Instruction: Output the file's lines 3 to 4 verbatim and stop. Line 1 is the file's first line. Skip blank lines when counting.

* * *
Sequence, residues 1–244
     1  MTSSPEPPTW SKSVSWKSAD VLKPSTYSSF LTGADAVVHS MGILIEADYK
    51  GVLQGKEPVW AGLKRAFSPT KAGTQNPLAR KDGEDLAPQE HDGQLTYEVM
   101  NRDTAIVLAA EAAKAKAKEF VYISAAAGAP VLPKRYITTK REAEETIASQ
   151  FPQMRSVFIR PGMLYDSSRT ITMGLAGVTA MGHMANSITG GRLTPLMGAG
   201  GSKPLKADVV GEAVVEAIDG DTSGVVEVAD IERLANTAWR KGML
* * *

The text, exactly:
    51  GVLQGKEPVW AGLKRAFSPT KAGTQNPLAR KDGEDLAPQE HDGQLTYEVM
   101  NRDTAIVLAA EAAKAKAKEF VYISAAAGAP VLPKRYITTK REAEETIASQ